Fundamental Telescope Designs
The job of a telescope is to collect light, to not magnify an image (the eyepiece does that job). The bigger the target (the part that collects the light) whether or not it's a lens, in refractors, or a mirror, in reflectors, the more light the telescope will collect. The more light you'll be able to acquire, the more detail you will be able to capture, and also necessary for astrophotography, the shorter your exposures will should be to capture this detail.
The type of telescope most people visualize once they hear the word telescope is the 'Refractor'. This is what Galileo used for his break-through discoveries. A refractor has an objective lens on the front which passes the light straight through to the back of the tube, focusing this light at an eyepiece or for astrophotography a camera.
-No central obstruction (see more in the reflecting scopes), giving higher contrast.
-Due to the simple design they require little maintenance.
-Wonderful for planetary and lunar viewing and photography.
-Wonderful for large area viewing and astrophotography particularly in shorter focal lengths (more on this later).
-Because the objective is completely mounted and aligned there is no such thing as a need for collimation (again more on this in another article).
-Wonderful shade in apochromatic and ED (Extra Dispersion) designs.
-Costlier per inch of aperture (objective) than reflectors and catadioptric telescopes.
-Can grow to be bulky and troublesome to manage, particularly in bigger lens designs.
This design was invented by Sir Isaac Newton (he of the apple on the head fame). Instead of a lens at the entrance of the tube this telescope design makes use of a concave, parabolic mirror to gather light reflecting it back towards the entrance of the tube to a flat diagonal mirror which displays the light out the side of the telescope to the eyepiece or camera for astrophotography.
-Lowest cost per inch of all the telescope designs.
-More light gathering energy per dollar because of the lower value design.
-Completely perfect color rendition.
-More compact design compared to a refractor of similar light gathering ability.
-Glorious contrast for planetary and lunar astrophotography and viewing in longer focal lengths.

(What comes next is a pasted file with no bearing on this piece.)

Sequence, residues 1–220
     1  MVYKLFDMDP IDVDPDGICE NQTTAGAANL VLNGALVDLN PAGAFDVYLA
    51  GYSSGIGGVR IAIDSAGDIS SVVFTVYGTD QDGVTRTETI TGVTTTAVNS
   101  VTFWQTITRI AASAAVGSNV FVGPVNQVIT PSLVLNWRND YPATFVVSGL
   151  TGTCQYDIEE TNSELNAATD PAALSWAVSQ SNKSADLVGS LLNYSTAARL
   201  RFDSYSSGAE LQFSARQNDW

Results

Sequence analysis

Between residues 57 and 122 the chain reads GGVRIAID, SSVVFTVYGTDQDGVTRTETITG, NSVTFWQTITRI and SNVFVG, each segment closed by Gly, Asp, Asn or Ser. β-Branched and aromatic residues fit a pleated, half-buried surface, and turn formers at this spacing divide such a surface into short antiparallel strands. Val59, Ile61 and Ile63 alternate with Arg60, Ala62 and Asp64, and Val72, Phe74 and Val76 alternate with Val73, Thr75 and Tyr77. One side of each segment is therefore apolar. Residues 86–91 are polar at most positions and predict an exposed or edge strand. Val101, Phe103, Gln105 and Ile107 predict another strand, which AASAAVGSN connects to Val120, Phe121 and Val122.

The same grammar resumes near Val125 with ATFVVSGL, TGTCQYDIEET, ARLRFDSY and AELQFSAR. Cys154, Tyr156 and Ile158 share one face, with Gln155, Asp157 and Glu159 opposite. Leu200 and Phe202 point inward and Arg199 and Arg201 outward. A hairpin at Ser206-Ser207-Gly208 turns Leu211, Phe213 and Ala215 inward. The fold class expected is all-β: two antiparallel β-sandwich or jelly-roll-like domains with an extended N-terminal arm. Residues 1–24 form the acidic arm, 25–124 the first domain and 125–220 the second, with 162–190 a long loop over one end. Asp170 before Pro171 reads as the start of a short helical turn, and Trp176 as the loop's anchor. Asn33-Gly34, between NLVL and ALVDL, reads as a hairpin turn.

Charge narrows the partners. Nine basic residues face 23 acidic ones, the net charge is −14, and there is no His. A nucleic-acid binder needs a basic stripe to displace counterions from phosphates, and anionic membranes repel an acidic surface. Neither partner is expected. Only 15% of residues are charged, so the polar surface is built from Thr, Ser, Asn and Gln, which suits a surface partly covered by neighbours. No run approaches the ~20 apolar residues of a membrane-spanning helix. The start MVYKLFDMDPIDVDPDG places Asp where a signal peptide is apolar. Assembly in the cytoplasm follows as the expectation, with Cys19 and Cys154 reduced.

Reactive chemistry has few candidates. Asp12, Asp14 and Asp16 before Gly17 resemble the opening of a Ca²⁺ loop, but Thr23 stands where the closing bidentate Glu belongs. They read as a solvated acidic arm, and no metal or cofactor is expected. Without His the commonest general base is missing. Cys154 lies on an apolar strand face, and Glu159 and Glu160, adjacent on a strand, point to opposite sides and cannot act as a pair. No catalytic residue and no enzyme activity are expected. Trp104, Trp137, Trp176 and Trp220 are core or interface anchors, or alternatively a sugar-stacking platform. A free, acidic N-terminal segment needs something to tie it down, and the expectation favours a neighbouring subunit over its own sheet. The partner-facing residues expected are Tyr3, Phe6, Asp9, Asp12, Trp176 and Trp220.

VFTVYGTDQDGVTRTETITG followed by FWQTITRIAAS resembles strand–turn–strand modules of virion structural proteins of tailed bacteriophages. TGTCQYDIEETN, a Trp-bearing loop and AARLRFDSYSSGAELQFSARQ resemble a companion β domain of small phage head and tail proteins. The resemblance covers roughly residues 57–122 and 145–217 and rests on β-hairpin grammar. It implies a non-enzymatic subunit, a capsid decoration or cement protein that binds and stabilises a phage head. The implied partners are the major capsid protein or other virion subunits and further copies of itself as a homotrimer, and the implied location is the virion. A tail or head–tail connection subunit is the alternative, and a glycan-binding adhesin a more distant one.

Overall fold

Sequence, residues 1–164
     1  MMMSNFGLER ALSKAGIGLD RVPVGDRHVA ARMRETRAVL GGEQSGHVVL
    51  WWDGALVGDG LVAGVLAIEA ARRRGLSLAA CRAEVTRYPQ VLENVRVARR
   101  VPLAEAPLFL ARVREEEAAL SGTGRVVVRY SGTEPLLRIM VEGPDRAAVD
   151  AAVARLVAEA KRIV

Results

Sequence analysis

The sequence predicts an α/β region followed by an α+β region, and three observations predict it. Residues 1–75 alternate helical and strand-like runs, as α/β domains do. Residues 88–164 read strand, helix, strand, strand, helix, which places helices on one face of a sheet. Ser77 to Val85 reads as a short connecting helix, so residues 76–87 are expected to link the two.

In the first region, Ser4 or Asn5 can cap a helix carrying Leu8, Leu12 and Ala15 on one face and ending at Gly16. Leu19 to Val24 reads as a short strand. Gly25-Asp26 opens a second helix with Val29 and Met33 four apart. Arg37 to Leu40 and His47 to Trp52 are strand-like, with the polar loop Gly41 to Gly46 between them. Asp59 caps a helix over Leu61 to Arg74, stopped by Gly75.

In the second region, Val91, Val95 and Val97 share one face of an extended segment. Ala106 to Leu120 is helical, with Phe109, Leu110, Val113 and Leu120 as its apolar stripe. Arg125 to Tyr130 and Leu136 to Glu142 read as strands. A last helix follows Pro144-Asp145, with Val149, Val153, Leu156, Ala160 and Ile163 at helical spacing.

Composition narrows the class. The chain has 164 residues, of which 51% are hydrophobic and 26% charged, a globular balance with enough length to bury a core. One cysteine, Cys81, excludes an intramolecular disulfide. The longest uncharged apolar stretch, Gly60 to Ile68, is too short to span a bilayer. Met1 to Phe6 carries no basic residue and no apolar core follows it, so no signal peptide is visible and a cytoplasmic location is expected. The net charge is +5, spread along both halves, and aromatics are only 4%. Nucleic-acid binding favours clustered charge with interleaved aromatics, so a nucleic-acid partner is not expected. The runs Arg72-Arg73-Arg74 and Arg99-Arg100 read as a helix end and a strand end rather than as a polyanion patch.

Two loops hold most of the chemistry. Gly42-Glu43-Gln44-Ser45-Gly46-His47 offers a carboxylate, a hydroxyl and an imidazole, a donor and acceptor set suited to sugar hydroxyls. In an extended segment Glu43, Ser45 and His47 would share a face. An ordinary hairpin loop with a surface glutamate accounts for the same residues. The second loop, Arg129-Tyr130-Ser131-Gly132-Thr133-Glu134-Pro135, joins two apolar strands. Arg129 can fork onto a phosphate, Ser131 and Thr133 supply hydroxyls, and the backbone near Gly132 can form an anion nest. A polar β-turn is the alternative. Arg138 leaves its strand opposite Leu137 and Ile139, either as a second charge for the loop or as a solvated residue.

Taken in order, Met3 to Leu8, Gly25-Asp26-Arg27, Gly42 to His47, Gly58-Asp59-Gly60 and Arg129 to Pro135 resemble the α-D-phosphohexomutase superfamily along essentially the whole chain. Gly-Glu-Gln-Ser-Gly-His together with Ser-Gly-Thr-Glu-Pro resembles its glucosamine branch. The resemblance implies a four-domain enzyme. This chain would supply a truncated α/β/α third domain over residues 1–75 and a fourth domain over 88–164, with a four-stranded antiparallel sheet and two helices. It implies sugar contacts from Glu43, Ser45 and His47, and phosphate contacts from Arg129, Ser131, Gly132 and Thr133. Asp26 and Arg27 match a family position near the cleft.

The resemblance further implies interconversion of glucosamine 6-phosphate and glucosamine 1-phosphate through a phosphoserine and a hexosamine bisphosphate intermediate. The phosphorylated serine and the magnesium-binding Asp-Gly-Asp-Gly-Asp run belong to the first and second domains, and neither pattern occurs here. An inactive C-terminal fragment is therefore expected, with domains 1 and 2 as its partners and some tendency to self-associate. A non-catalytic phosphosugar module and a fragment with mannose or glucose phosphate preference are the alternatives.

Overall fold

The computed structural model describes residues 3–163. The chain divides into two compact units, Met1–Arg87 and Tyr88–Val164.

-Can get glorious huge-discipline astrophotos and short exposures in shorter focal lengths.
-Slight lack of contrast because of the central obstruction (the flat secondary mirror) as compared to a refractor.
-Requires more maintenance, resembling collimation (mentioned in another article) which is significant for great leads to your astrophotography, though you will learn how to do this quickly with practice.
This is a very popular design, with a high tech look. Often known as a CAT (Catadrioptics). They use a mix of lenses and mirrors to gather and focus the light onto the eyepiece or camera. The light enters the telescope by way of a thin 'lens' called a schmidt corrector plate, goes to the back of the scope to a spherical major mirror which displays the light back towards the front. Here the light strikes another mirror, the secondary mirror which is mounted on the corrector plate. This secondary mirror then reflects the light back towards the back where it is targeted onto a gap within the main mirror where the light is collected by an eyepiece or your astrophotography camera.
-Compact and portable.
-Low upkeep though as soon as once more collimation is required for top performance.
-Many, many astrophotography accessories available.
-Cheaper per inch of aperture as compared with refractors.
-Glorious all-round telescope, good to excellent for both visible and astrophography.
-Very good for planetary and space wall Art Print Hampshire
lunar viewing and astrophotography.
-Very good to glorious for DSO (Deep Area Object) astrophotography with a caveat (see the disadvantages).
-Very good to glorious optics, each Meade and Celestron are placing out glorious optics on a constant basis.
-Costlier per inch of aperture as compared with Newtonian telescopes.
-Lack of distinction because of the central obstruction which is even bigger than that within the Newtonian scopes.
-Resulting from their longer focal lengths the field of view is smaller and longer exposures are required for astrophotography, though a lens known as a focal reducer is available which minimizes or removes this problem. The longer focal length is definitely an advantage in planetary and lunar photography.